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Five Simple Words MAG
The clock on my bureau told me I had 45 minutes to transform myself from the girl next door into a ravishing beauty. Swiftly, I moved the towel over my legs, absorbing each drop of water. Immediately, my eyes focused on a single blond hair on my kneecap. Shoot, I missed a spot. The knees are always tricky. I examined the hair from a different angle. It was still obvious.
Irritated, I rummaged through my drawer searching for tweezers. Hair elastics, eyeliner, and Q-tips scattered everywhere. I lifted my thumb to my lips and sawed down on the nail, every possible location for tweezers swarming within my head. The bathroom? My dresser? No. Wait, Janet, this is ridiculous. He’s not even going to see your legs; the dress will cover them. I slammed the drawer shut.
Drying my hair will take at least 20 minutes. I need to apply mascara and lipstick, find my heels, and pick out earrings. Scanning the room, I located the hair dryer. Forget Britney, and Ashley, and Allie. Forget them all. I’m the one who’s going to take his breath away. A burning sensation on my scalp warned me to dry the hair on the other side. You don’t have to be 98 pounds to be attractive. I’m better than them. I’m prettier. All he has to do is realize it.
The time soared away from me. I jabbed the off button. Fifteen minutes left.
The dress, emerald green and high-waisted with draping pleats, hung in the closet, all other clothing pushed aside. Gingerly, I slipped it off the satin hanger and stepped in.
Okay, shoes. Amidst racks of flip-flops, I scavenged for my pair of black pumps. Finding them behind a pair of tangerine sandals, I slipped them on.
Ten minutes left. Every glance at the clock made my spine tingle, and brought me one minute closer to my grand debut.
Earrings. Peering into the mahogany jewelry box, I selected a pair of onyx teardrops.
Five minutes, final touchups. I snatched up my mascara and applied the gooey, black substance. I definitely need more practice at this. I looked like a witch and flicked off the globs with my thumb and forefinger.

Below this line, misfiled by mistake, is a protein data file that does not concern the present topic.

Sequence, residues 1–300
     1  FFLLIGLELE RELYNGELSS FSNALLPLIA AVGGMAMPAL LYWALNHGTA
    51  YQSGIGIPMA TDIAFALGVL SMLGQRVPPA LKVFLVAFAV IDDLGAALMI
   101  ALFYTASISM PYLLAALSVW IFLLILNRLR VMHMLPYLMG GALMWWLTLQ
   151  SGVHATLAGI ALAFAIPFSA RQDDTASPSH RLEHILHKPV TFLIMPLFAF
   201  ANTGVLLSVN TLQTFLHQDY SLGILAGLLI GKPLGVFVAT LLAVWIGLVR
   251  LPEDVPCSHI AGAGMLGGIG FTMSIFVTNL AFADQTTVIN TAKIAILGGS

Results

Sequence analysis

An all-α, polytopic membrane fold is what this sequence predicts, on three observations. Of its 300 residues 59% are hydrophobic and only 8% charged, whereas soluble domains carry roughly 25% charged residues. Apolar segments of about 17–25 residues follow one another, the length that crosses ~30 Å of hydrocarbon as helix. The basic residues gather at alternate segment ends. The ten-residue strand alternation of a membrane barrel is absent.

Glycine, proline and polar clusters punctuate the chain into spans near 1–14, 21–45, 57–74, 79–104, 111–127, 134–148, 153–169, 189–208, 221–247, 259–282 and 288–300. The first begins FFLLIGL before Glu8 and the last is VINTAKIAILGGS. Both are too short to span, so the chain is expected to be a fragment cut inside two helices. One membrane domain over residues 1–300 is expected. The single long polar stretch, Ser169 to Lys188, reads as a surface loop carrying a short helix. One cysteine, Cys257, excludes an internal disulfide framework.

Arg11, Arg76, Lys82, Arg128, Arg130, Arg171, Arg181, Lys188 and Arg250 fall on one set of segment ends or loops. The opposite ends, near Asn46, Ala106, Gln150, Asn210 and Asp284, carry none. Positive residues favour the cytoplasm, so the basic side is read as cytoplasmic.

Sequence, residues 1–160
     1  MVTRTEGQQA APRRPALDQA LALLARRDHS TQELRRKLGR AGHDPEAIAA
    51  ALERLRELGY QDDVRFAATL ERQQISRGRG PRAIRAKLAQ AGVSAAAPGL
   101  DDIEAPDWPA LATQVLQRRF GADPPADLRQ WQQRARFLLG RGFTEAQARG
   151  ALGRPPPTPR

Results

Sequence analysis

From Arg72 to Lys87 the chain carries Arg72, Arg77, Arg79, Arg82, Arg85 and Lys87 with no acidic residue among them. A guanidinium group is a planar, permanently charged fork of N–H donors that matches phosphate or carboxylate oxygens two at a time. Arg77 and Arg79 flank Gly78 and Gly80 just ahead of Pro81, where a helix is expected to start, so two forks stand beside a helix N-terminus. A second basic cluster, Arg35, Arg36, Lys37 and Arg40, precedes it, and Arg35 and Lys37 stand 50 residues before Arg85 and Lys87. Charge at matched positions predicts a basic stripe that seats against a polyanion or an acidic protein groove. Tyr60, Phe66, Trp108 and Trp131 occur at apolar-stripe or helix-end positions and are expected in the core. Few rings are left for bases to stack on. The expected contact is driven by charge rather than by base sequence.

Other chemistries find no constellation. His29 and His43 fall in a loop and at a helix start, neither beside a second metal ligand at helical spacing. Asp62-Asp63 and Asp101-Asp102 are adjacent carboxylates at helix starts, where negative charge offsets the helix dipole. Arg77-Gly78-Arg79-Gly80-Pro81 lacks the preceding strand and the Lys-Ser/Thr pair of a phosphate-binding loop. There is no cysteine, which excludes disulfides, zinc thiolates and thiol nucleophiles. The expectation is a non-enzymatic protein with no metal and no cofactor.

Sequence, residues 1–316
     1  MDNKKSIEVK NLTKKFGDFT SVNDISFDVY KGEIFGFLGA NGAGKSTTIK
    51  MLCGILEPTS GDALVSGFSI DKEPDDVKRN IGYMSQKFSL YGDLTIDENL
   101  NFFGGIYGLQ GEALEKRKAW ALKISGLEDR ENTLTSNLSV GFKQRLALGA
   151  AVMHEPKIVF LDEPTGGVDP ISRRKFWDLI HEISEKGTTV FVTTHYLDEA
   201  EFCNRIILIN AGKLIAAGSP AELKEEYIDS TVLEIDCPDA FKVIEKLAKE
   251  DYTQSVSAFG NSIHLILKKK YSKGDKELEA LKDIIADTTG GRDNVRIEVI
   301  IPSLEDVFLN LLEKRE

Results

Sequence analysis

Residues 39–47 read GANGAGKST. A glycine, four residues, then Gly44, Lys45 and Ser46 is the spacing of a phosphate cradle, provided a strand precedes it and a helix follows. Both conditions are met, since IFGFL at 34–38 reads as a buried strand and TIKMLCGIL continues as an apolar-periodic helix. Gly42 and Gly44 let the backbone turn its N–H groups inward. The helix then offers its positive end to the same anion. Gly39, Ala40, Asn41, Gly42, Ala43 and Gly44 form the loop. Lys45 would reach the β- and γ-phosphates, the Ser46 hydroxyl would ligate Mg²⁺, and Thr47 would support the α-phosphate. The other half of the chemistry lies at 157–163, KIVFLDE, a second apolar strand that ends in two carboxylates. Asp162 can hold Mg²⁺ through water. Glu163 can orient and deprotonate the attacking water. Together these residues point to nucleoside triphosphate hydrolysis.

My eyes shifted to the clock for a peek at the remaining time: four minutes.
Lipstick selection was simple, the soft pink of Maybelline Grapefruit. Inching away from the mirror I scrutinized my face, slightly ambivalent about the newest additions to my ensemble. I hardly ever wear make-up. A hollow feeling hovered in my stomach. Time was up.
This is it. If he doesn’t like this ... if he doesn’t like this, I’m just not pretty enough.
Inhaling deeply, I smoothed my dress one last time and stepped into the hallway. Legs quivering, I reassure myself, He’s going to like it, Janet. He has to. And then I was standing before the double doors of the media room where he was waiting for me. My stomach soared and plummeted as though on a roller coaster. Noiselessly, I pulled open the door and let myself in.
He was lounging on the leather couch, his attention transfixed on the television. My entrance had gone unnoticed. I stood there, allowing the silence between us to build. After a few moments, his eyes swerved from the screen and focused on me.
“Oh, hey,” he said. I had startled him.
He stood and sauntered over. My heart pounded in my ears. This was it.
“You look really beautiful, Janet.”
The instant the word beautiful left his tongue, a bolt of lightning surged through my body, rocketing my heart through the roof and into the sparkling night. Past the Big Dipper, past Orion’s Belt, past the moon, and past Mercury it soared. Those five simple words had ignited my most suppressed emotions.
Every once in a while, I take a stroll and try to retrieve my heart. Most of the time I can’t find it anywhere. But sometimes, sometimes I think I spot it hanging from a star or from the thorn of a rose. And once, once I could have sworn I passed it on the street. It looked straight at me but disappeared before I had the chance to snatch it. It’s hard living without a heart; I miss it sometimes, especially because I don’t know why it left. But it did. And I don’t think it’s ever coming back.